Despite relatively robust investments in the well-being of its citizens, Canada is home to a growing wealth gap, with public policy analysts denouncing political leaders for allowing tax laws that heavily favor the richest Canadians—to the detriment of social welfare programs.
The Canadian Center for Policy Alternatives revealed in a new report that the nation's 87 richest families hold an average of $3 billion in wealth—about as much as the 12 million lowest-income Canadians, or a third of the population, combined.
Examining wealth concentration since 1999, senior economist David Macdonald found that the net worth of the 87 richest Canadian families rose by 37 percent in just four years, from 2012 to 2016. The increase was equal to each family adding $806 million, adjusted for inflation, to their coffers. Meanwhile, the average Canadian household's net worth went up just 16 percent over the same period.
"The larger public policy concern relates to the impacts those fortunes have on Canadian society, and whether Canada provides equal opportunity to residents of all income and wealth levels—from those who live in poverty to the country's born billionaires." —Canadian Center for Policy Alternatives
The wealthiest families' combined net worth is nearly equivalent to that of every resident of Prince Edward Island, New Brunswick, and Newfoundland and Labrador, according to the study.
"That sum would include all houses, cottages and other properties, all cars, every savings account in the region, RRSPs, pensions, etc., minus all liabilities such as mortgages and loans," the study reads.
A majority of the richest 87 families have accumulated their wealth over a number of generations, the study noted, with just 45 percent of the richest Canadians identified as owning first-generation wealth.
Tax laws have helped create conditions for immense wealth to be passed down, as Canadians are not subject to an inheritance or estate tax—the rule U.S. President Donald Trump railed against last fall while promoting his tax plan and which he succeeded in weakening.
"You'd expect Canada's tax regime would try to counteract this concentration of wealth at the very top, where it's needed the least. But in fact, federal policies encourage it," Macdonald told the CBC.
Without an estate tax, the wealthiest families in Canada can pass down or transfer an unlimited amount of money to younger generations without being subject to taxation—unlike every other G7 country. Investment profits including capital gains and dividends are also raxed at lower rates than income from employment. Holding the wealthy accountable for more taxes would do little to change the households' enormous wealth—but could make a major difference in public programs for education and childcare, which have suffered cuts due to austerity measures in recent years.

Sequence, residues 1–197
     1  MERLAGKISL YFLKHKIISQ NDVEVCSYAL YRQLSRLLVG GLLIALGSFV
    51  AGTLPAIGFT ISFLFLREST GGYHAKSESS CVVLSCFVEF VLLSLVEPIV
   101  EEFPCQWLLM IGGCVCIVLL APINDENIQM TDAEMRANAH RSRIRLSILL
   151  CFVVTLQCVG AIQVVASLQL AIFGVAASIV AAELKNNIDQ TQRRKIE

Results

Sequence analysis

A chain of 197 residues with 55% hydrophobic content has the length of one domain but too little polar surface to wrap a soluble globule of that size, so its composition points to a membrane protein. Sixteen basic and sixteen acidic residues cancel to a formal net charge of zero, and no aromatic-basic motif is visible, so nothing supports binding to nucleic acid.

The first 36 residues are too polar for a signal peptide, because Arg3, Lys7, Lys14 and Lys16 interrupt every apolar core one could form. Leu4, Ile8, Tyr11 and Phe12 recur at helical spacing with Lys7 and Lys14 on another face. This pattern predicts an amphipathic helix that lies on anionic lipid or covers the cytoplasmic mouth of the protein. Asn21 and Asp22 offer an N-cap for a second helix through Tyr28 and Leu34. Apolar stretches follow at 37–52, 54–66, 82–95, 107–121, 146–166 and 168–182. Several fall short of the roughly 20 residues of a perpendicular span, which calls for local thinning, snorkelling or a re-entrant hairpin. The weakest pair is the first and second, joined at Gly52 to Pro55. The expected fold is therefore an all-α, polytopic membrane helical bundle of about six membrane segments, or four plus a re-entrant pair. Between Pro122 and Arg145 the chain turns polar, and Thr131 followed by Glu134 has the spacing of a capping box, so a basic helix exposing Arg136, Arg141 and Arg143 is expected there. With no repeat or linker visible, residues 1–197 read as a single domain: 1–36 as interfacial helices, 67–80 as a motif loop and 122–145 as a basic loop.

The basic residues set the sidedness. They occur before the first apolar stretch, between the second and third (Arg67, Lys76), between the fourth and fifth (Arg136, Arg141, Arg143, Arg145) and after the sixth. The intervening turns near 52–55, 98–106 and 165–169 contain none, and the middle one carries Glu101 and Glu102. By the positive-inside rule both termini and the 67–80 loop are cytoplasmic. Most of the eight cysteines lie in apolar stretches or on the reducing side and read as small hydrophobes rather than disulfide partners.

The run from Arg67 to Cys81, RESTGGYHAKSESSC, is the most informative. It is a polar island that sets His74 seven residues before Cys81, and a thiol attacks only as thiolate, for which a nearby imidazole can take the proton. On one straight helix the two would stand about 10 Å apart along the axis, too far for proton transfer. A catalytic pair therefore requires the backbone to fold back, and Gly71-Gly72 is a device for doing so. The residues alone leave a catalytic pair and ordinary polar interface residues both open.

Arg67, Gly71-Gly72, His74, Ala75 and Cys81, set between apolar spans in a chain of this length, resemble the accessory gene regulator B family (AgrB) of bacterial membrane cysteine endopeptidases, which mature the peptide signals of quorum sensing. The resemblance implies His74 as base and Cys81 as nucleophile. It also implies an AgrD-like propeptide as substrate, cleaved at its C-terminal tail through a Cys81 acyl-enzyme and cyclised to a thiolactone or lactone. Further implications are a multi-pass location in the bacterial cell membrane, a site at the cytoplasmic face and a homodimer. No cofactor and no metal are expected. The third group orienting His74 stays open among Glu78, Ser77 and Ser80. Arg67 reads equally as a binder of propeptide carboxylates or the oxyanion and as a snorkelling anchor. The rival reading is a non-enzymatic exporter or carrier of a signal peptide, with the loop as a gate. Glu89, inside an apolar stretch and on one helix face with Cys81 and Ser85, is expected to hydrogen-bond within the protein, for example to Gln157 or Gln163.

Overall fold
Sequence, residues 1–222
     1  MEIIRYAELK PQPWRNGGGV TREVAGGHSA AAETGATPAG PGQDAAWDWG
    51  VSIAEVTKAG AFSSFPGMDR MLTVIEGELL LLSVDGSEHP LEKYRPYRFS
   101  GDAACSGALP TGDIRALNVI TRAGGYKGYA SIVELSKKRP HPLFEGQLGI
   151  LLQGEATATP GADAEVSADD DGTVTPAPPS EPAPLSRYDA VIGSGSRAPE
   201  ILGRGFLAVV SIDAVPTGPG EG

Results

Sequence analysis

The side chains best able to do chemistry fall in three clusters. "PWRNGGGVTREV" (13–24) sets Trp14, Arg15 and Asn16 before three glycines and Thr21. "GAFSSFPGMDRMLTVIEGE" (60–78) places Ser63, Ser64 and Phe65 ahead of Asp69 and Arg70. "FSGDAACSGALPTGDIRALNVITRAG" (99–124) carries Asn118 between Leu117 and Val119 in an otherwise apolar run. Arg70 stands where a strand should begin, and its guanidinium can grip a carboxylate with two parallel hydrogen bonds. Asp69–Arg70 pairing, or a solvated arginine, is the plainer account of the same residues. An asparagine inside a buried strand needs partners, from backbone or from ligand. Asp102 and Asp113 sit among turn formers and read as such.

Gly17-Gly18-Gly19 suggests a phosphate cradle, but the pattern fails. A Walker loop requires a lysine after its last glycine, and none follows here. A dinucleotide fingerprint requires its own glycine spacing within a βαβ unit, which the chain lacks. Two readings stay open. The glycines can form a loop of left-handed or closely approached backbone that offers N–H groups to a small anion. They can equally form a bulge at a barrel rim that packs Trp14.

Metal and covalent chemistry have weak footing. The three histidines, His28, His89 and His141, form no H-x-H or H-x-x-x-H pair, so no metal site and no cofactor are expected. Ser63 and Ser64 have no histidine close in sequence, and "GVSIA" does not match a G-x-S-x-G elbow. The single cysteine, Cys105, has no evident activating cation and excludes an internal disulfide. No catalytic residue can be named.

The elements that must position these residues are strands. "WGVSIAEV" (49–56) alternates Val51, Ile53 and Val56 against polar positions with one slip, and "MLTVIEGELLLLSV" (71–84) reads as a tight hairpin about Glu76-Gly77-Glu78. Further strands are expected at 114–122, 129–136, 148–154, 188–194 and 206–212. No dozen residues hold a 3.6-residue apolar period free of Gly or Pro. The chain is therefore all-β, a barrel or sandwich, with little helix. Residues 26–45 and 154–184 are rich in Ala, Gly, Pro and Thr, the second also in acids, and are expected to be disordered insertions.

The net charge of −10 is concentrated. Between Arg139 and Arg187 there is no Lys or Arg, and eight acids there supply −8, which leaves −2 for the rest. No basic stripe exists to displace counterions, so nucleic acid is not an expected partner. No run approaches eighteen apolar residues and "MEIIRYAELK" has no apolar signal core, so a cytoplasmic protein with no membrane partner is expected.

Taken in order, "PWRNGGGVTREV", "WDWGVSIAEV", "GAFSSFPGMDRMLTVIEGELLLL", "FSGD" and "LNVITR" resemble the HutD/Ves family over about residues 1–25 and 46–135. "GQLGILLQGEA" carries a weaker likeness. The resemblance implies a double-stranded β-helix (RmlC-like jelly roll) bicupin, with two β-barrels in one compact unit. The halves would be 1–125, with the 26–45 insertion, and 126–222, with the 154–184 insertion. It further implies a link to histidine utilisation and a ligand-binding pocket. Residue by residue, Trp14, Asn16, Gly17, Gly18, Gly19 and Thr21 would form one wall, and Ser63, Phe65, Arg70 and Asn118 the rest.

"Instituting a 45 percent estate tax on estates valued over $5 million, in line with the rest of the G7, would add $2 billion to federal revenue," reads the report. "Eliminating the 50 percent tax break for capital gains and the 25 percent tax break on dividends would raise $11 billion and $5 billion annually while almost exclusively targeting Canada’s highest earners."
No brainer public policy. Boost federal revenues by taking a modest portion of from the wealthiest 1% and combat rising inequality.
Canada should step up and follow the lead of its G7 counterparts. https://t.co/sTzxpNmuu9
— Nick Schiavo (@NickSchiavo_) July 31, 2018
"There is no need to pass judgment on Canada’s wealthiest families or the companies they run to assert that wealth inequality can be corrosive on society," writes Macdonald. "The larger public policy concern relates to the impacts those fortunes have on Canadian society, and whether Canada provides equal opportunity to residents of all income and wealth levels—from those who live in poverty to the country's born billionaires. High levels of income inequality have been shown to have negative consequences on everything from life expectancy and health to crime rates and social trust. ...More equal societies tend to be happier and healthier, and better at providing opportunities for low-income people to move up the income ladder."